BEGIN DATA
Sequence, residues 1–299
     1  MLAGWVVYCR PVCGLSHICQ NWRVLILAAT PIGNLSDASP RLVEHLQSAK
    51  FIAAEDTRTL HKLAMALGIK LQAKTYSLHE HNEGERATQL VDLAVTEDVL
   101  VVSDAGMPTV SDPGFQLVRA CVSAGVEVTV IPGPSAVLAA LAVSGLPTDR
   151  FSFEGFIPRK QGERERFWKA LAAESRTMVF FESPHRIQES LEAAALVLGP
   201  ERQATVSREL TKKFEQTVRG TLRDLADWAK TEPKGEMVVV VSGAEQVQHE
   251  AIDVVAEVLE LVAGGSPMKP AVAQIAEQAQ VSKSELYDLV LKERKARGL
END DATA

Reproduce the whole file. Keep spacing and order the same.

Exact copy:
Sequence, residues 1–299
     1  MLAGWVVYCR PVCGLSHICQ NWRVLILAAT PIGNLSDASP RLVEHLQSAK
    51  FIAAEDTRTL HKLAMALGIK LQAKTYSLHE HNEGERATQL VDLAVTEDVL
   101  VVSDAGMPTV SDPGFQLVRA CVSAGVEVTV IPGPSAVLAA LAVSGLPTDR
   151  FSFEGFIPRK QGERERFWKA LAAESRTMVF FESPHRIQES LEAAALVLGP
   201  ERQATVSREL TKKFEQTVRG TLRDLADWAK TEPKGEMVVV VSGAEQVQHE
   251  AIDVVAEVLE LVAGGSPMKP AVAQIAEQAQ VSKSELYDLV LKERKARGL